Obama Faltering on Pledge to Restore the Role of Science

by Matthew Madia, 7/9/2010

One year after the White House was supposed to chart a new course for the role of scientists and the integrity of scientific information in government, federal employees and the public continue to await reform.

On March 9, 2009, President Obama issued a memo instructing the White House Office of Science and Technology Policy to develop within 120 days recommendations for ensuring scientific integrity in the federal government. Obama’s memo identified six principles OSTP was to follow in crafting the recommendations.

For a time, things appeared to be progressing swimmingly. OSTP invited public comment on the development of the recommendations, and even allowed people to comment on specific principles via the office’s blog.

But then the 120-day mark, July 9, 2009, passed without an announcement. The months continued to pass by and still, no recommendations on scientific integrity, let alone a plan for implementing those recommendations.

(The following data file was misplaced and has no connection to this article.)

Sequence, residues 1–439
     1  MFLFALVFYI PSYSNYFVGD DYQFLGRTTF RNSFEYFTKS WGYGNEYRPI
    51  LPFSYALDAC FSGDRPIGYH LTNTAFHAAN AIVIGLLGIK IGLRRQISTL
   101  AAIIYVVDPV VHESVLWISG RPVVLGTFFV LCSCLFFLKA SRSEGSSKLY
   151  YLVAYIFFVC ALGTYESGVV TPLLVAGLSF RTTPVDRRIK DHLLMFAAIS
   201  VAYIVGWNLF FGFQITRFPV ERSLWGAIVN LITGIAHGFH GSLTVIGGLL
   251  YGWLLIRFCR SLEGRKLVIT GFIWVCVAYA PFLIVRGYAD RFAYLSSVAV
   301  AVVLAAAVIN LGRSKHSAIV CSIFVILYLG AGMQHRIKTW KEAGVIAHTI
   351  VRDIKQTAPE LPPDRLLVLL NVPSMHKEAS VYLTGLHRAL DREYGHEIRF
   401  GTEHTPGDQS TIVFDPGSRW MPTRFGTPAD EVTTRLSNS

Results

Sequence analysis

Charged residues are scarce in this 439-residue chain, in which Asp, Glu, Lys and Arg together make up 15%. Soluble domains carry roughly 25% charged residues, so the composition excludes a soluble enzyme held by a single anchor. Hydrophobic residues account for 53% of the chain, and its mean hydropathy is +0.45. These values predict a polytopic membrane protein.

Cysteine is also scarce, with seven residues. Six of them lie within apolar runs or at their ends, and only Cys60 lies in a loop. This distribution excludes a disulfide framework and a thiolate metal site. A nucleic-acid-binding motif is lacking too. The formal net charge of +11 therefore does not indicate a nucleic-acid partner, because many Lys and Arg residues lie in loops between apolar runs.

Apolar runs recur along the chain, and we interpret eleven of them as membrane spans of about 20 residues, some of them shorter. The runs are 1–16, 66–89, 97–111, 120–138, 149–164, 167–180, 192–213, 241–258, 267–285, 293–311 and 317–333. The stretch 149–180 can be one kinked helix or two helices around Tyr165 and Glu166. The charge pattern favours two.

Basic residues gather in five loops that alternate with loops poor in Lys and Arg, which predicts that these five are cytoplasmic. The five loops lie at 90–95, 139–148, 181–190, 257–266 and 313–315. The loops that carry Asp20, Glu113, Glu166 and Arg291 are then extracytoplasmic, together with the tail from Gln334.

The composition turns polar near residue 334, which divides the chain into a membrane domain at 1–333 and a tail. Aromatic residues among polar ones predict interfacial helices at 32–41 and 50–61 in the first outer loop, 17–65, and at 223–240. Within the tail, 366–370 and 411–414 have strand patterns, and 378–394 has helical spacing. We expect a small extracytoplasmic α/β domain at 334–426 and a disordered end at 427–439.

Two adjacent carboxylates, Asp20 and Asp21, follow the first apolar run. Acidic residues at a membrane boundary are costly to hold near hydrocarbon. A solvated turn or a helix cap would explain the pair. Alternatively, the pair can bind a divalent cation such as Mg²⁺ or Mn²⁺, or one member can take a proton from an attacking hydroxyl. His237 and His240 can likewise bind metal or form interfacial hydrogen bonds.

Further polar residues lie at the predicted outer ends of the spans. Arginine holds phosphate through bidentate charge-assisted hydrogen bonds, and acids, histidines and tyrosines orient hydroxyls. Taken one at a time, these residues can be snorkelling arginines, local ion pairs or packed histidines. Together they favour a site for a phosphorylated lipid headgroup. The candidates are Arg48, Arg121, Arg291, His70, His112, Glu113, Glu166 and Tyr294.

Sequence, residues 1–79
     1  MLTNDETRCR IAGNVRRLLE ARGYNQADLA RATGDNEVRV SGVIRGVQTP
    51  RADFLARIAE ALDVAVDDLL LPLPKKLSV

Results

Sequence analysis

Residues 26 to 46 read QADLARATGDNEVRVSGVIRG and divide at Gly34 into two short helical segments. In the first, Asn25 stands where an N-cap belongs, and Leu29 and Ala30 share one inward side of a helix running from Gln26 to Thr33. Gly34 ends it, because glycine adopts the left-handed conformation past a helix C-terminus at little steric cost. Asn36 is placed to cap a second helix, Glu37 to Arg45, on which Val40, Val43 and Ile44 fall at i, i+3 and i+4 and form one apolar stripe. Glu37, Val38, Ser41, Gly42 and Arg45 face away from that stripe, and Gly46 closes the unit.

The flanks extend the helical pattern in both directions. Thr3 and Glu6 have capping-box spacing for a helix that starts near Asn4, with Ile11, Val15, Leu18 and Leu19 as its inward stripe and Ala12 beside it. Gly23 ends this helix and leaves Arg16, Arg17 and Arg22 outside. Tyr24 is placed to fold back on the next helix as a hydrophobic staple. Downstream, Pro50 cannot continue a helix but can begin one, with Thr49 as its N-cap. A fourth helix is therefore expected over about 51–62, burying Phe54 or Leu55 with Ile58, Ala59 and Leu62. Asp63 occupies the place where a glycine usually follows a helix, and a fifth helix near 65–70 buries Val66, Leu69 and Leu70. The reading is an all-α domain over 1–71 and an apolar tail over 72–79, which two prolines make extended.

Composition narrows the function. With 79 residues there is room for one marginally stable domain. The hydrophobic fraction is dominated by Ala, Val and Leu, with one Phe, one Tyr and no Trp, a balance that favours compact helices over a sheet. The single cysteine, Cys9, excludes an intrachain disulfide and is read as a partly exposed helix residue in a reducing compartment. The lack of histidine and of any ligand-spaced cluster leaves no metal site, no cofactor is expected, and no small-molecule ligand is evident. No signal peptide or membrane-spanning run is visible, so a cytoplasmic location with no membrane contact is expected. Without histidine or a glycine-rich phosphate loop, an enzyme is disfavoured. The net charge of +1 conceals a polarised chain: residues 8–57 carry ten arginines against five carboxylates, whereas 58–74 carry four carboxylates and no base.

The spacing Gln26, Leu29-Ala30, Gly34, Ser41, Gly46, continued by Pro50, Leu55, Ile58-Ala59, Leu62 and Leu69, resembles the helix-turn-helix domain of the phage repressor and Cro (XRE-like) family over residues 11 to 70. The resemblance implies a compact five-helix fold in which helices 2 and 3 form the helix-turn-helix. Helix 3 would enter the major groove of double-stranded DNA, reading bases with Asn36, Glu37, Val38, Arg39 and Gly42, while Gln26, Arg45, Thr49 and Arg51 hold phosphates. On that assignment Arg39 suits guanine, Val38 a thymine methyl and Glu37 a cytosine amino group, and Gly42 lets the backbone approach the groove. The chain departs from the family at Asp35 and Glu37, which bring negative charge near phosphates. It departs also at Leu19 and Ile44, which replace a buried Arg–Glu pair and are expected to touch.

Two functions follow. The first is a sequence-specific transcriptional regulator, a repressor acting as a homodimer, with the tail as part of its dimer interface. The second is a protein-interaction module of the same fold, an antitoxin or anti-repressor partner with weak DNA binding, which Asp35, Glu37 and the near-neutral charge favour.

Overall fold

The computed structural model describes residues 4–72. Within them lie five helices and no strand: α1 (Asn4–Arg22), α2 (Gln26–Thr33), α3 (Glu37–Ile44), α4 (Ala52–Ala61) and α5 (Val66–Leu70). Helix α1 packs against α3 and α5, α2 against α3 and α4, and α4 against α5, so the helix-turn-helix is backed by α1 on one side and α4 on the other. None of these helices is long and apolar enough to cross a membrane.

Now, on the one-year anniversary of the due date, criticism of the White House is increasing. The group Public Employees for Environmental Responsibility says the scientific integrity recommendations are still very much needed and points to the Obama administration’s handling of the BP oil disaster as evidence:

The muddled federal response to the massive BP oil spill in the Gulf of Mexico illustrates a lack of scientific transparency and candor in agency decision-making. Key examples include –
  • Without any scientific undergirding, EPA approved widespread application of oil dispersants deep underwater, despite the fact that these chemicals were designed for surface application. […]
  • The National Oceanic & Atmospheric Administration has flip-flopped on release of scientific observations about the size and nature of swelling underwater oil plumes; 

Even amid such criticism, the White House remains silent. The White House’s failure to, at the very least, provide the public with a status update on the scientific integrity principles is unacceptable – particularly when the issue involves restoring and maintaining integrity in government decisionmaking.

Update: Dan Froomkin at the Huffington Post points out that OSTP Director John Holdren discussed the scientific integrity recommendations on OSTP’s blog June 18. Holdren wrote, “I am pleased to report here that the process, though slower than many (including myself) had hoped, has resulted in what I believe is a high-quality product that I anticipate finalizing and forwarding to the President in the next few weeks.”

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